Triton Knoll is a proposed offshore wind farm located off the east coast of England, approximately 20 miles off the coast of Lincolnshire and 28 miles from the coast of North Norfolk.
The exact size of the project is not determined, but if granted consent to go ahead, Triton Knoll could generate up to 900MW of renewable energy. This could provide enough renewable electricity to meet the average needs of up to 800,000 average UK households each year.1
Triton Knoll represents a multi-billion pound investment in clean green UK energy infrastructure. Although Triton Knoll is still in the development phase, over £18 million has already been invested in the UK as a result of this project with £1.75 million invested in the East Coast of England. It is anticipated that a substantial proportion of contracts associated with the construction of Triton Knoll would be awarded to UK companies.
Triton Knoll Offshore Wind Farm is being developed as two separate packages:
The Offshore Array– the wind turbines, meteorological masts, offshore substations and the cables that link the wind turbines to the offshore substations.
The Electrical System - the substation, underground cables, the offshore export cables an electrical compound along the onshore cable route.
Following a recent project review and offshore site investigations we have revised plans for the proposed Triton Knoll Offshore Wind Farm project.
RWE Innogy UK (formerly RWE npower renewables) will progress Triton Knoll with a reduced capacity of up to 900 megawatts, rather than the maximum of 1200 megawatts. The new capacity would ensure enough energy to power the equivalent domestic needs of up to 800,000 average UK households.1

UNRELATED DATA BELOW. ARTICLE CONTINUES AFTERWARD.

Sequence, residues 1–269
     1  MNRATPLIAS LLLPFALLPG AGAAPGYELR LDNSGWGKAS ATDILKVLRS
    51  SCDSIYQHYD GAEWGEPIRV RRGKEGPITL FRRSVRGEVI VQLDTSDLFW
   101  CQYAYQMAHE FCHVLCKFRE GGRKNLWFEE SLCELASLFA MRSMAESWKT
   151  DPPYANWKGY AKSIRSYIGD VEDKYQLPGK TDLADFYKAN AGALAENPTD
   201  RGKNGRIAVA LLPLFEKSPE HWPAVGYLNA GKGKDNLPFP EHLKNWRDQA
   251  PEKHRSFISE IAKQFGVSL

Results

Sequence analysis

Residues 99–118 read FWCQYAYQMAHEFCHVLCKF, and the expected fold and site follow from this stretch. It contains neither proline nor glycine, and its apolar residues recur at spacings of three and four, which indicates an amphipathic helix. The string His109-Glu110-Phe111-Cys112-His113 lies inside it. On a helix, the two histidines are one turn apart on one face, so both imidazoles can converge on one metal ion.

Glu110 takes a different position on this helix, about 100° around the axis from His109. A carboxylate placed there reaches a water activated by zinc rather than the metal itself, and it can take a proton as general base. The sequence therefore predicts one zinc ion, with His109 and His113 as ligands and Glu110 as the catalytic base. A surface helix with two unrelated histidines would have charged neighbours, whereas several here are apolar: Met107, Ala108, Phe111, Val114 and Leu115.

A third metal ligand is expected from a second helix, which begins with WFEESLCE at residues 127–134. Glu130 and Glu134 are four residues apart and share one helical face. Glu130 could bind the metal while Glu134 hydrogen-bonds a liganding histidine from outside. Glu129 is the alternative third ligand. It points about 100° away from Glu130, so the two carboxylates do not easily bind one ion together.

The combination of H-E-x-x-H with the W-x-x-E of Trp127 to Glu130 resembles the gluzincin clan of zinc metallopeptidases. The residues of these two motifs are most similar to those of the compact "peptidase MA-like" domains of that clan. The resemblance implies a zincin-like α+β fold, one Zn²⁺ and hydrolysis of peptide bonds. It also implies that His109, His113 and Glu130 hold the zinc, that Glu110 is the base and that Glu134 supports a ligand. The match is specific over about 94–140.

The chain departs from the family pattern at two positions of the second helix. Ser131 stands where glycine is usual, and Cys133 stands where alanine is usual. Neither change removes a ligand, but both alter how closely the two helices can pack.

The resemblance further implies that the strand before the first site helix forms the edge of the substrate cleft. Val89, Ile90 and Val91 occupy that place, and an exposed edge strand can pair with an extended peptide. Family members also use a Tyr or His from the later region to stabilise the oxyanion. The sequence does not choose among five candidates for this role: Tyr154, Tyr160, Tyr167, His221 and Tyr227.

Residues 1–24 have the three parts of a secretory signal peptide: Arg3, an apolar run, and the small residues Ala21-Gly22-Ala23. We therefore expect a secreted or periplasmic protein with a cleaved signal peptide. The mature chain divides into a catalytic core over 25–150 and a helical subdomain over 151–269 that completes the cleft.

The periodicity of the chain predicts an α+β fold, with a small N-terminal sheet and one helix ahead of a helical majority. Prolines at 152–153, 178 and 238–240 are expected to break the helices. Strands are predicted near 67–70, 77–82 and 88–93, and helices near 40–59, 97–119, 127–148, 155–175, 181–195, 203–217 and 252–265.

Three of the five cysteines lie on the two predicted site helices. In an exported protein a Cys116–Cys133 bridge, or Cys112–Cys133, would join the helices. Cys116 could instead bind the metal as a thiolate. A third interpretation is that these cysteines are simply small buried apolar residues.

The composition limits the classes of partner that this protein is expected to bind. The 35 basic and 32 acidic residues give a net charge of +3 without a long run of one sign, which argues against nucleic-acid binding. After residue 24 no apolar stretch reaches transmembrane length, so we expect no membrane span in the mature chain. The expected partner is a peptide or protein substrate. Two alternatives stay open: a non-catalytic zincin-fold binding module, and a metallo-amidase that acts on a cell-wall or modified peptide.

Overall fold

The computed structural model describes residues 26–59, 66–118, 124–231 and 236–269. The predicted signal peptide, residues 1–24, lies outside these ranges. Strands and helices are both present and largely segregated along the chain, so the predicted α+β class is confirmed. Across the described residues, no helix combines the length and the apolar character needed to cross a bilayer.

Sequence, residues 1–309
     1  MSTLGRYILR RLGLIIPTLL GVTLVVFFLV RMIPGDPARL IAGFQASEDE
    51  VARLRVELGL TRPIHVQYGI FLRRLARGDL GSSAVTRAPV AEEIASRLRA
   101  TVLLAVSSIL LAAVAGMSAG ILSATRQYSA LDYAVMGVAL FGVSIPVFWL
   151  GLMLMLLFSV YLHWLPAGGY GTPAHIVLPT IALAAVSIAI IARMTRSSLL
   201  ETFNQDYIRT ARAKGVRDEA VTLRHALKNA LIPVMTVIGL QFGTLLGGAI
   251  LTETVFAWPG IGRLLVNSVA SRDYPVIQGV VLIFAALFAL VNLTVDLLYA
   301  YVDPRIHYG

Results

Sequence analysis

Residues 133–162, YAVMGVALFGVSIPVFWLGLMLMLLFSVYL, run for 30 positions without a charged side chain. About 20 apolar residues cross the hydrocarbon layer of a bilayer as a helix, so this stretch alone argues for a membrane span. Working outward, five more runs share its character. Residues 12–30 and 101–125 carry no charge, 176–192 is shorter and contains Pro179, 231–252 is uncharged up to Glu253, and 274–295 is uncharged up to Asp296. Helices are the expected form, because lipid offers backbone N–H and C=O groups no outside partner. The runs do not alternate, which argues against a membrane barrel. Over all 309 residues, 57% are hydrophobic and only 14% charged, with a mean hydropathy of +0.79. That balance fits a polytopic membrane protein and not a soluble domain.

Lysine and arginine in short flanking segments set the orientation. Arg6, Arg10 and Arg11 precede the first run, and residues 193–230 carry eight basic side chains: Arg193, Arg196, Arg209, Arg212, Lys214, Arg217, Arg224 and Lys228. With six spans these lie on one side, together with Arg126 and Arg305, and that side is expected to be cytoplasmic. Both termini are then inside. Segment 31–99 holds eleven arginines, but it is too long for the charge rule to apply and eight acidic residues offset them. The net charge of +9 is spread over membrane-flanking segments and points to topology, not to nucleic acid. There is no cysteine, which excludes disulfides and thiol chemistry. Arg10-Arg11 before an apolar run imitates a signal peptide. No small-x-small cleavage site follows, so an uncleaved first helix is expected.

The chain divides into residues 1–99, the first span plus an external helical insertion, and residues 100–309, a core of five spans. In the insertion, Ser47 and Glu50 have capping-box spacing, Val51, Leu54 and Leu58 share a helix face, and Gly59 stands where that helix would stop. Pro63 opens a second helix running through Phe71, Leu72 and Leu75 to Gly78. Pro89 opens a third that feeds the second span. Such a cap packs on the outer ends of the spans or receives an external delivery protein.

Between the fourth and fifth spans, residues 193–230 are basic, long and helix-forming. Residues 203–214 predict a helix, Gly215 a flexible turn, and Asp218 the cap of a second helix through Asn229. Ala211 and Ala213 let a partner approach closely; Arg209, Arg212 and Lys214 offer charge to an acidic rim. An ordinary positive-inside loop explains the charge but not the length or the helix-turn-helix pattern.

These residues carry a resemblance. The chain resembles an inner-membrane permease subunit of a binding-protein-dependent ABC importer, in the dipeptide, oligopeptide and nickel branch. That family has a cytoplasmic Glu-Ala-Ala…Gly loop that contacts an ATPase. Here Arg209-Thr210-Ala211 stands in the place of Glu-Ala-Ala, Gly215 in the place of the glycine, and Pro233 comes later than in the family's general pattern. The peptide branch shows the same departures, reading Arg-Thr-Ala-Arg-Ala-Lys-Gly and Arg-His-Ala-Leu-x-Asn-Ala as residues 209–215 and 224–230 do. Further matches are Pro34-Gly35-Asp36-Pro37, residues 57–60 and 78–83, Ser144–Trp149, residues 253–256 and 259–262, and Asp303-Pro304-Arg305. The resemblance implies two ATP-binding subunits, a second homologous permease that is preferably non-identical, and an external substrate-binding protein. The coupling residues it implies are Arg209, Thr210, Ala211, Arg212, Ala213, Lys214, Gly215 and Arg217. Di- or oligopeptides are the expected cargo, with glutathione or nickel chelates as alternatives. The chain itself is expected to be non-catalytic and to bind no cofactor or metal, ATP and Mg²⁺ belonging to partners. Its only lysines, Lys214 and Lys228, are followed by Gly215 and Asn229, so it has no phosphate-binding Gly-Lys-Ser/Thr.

This revised site design would ensure the efficiency of the site is maximised whilst the cost of the energy is minimised.
This revised capacity also means significant reductions to the required onshore footprint. A maximum of 8.6 hectares would now be needed for the onshore substation rather than 20 hectares and up to 1.8 hectares would be needed for the intermediate electrical compound rather than 3 hectares.
Work is still progressing on developing the proposed electrical infrastructure. Local communities will have further opportunity to have their say on this during consultation which will take place before any planning application is submitted.
Updates in brief
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1. Energy predicted to be generated by the proposal is derived using long term wind speeds calculated by meteorological models seeded with historical weather data obtained from satellite, surface-based and airborne measurement systems. This enables a calculation to be made to estimate the average annual energy production for the site based on 150 turbines each of rated capacity 6 MW. The energy capture predicted and hence derived homes equivalent or emissions savings figures may change as further data are gathered. Equivalent homes supplied is based on an annual electricity consumption per home of 4500 kWh. This figure is supported by recent domestic electricity consumption data available from The Digest of UK Energy Statistics and household estimates and projections from the UK Statistics Authority.